PS Tools is a resource kit that is part of the Windows Sysinternals suite of tools provided by Microsoft. It’s free to download and easy to get started using this variety pack of goodies. Mainly geared for system administrators in the business sector, PS Tools provides a variety pack of commands that can be run to help a sys admin out in their day-to-day tasks. Some of the top tools that I’ve used are PsLoggedOn, PsShutdown, PsExec, and PsKill. I’ll highlight their uses and basic syntax below (ensure that you are in the parent directory of PS Tools before running the commands in the command prompt).

PsLoggedOn – if you’re trying to figure out who is logged onto a remote computer, this is the best tool to use that I’ve found (there are others out there like NetUsers or even Windows Server’s ‘Remote Desktop Services Manager’ or ‘query’ command). Common syntax is:
PsLoggedOn.exe \\SERVER-NAME

PsShutdown – does exactly what you would think it does….yes, it shuts down a remote computer. Interestingly enough, it can also reboot, log off, and lock a remote computer as well. For our purposes, the basic syntax to shutdown a remote system is:
PsShutdown.exe \\SERVER-NAME

PsExec – this is a great tool to execute or run remote processes on remote systems. This command is a little more tricky since you can pass specific options to run a process or executable, and these options might not exactly be options (more like requirements depending on the scenario). So if you have an executable file on your server where PS Tools runs and you want it to run on a remote server, the syntax would involve copying the executable onto the remote system and running it (-c is used to specify the copy portion and test-application.exe is the name of the executable that you want to run remotely):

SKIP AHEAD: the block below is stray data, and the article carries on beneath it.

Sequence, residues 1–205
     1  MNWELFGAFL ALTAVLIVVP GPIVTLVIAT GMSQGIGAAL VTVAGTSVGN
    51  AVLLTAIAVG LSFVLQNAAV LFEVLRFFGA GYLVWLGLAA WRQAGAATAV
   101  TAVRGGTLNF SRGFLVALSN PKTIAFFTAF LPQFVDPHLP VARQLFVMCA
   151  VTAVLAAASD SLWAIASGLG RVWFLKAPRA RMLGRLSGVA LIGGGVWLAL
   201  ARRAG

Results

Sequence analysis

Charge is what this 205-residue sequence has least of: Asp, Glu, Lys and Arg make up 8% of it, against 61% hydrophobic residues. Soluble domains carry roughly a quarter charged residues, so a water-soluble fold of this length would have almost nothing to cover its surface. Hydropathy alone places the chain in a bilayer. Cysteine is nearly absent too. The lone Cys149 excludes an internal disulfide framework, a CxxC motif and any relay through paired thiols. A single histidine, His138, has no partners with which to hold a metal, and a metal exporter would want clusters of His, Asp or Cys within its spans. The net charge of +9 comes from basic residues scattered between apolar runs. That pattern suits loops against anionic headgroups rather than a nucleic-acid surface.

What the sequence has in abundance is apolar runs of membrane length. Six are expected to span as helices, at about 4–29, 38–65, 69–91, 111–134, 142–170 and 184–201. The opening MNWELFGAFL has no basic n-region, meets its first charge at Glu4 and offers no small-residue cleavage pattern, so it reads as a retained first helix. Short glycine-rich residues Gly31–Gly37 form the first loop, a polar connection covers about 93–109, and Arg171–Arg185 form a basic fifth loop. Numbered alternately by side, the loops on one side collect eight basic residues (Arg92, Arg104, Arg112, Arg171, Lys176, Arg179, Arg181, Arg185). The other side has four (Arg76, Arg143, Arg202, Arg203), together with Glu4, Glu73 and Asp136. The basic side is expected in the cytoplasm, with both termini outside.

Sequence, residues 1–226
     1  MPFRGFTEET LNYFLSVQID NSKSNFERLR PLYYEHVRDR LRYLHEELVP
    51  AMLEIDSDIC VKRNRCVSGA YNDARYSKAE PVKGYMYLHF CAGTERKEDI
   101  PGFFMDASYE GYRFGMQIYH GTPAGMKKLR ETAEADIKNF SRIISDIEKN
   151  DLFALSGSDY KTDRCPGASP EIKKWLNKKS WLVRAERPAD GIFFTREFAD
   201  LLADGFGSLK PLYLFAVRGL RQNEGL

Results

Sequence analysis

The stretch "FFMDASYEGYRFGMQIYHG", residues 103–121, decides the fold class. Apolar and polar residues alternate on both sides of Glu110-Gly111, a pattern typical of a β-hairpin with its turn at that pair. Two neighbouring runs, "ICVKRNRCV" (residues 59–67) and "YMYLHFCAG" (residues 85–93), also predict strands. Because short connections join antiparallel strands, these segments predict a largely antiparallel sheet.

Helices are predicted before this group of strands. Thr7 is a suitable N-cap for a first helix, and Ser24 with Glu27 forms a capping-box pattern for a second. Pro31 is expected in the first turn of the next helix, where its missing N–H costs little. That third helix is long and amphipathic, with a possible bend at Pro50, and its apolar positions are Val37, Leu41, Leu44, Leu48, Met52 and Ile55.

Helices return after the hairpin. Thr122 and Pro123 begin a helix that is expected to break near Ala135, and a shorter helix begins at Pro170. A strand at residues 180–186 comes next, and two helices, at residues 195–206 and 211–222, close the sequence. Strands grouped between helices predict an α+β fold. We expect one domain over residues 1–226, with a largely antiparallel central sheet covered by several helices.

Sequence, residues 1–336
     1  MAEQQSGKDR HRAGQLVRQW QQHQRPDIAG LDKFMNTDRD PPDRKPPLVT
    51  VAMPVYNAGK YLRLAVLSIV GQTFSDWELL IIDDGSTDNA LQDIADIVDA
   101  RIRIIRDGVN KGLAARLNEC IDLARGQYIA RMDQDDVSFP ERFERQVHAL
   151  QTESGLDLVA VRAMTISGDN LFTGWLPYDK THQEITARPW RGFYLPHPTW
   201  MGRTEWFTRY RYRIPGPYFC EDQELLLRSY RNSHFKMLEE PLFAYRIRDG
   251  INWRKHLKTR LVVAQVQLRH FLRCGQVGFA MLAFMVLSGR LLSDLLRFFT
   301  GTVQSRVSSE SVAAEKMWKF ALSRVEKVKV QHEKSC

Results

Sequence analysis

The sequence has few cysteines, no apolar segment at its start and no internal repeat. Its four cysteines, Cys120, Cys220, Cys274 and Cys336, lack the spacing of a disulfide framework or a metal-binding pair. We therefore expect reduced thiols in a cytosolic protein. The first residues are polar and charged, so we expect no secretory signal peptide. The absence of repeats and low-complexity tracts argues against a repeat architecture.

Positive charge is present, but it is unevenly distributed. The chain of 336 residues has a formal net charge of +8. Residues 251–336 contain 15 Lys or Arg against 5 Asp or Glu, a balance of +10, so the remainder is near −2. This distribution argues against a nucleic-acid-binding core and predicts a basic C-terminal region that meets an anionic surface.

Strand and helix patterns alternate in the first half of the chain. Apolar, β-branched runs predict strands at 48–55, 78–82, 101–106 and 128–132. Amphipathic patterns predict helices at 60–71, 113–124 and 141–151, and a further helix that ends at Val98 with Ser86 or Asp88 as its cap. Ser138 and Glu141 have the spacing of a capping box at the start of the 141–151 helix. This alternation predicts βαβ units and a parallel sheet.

PsExec.exe \\SERVER-NAME -c C:\test-application.exe

PsKill – another great tool that I’ve used frequently to kill processes remotely. If you’ve used Windows for a while and start to remember process names that could typically be running, then you don’t need to use PsInfo to gather the process information or IDs. In the case that you have a great memory, just run PsKill using the following syntax (notepad.exe is an easily remembered process, along with word.exe, excel.exe, outlook.exe, iexplore.exe, firefox.exe, explorer.exe, etc):
PsKill.exe \\SERVER-NAME notepad.exe

SATA drive testing


  • Laptop or desktop with Windows 7 (or higher)
  • Cygwin installed with smartmontools
  • SATA to USB docking station or cable adapter
  • 2.5” or 3.5” SATA hard drive to be tested


  1. Power on the laptop and plugin the SATA to USB (dock or adapter)
  2. Plug the hard drive into the dock or adapter
  3. Wait a few moments and Windows should start installing the drivers for the SATA to USB device
  4. After drivers are all loaded, open Cygwin (Run as Administrator)
  5. Type ‘smartctl -a /dev/sdb -d sat’ and press Enter (Note: you might need to use a variation for the device itself (sdb, sdc, etc) or the type of device (ata, sat, usbjmicron, etc)
  6. After you are able to get the basic hard drive information from the command above, you will now need to run a short offline test, using the command from above with the addition of ‘-t short’ (Ex: smartctl -a /dev/sdb -d sat -t short)
  7. After the short offline test completes successfully, you can run an extended offline test with the command from above with the addition of ‘-t long’ (Ex: smartctl -a /dev/sdb -d sat -t long)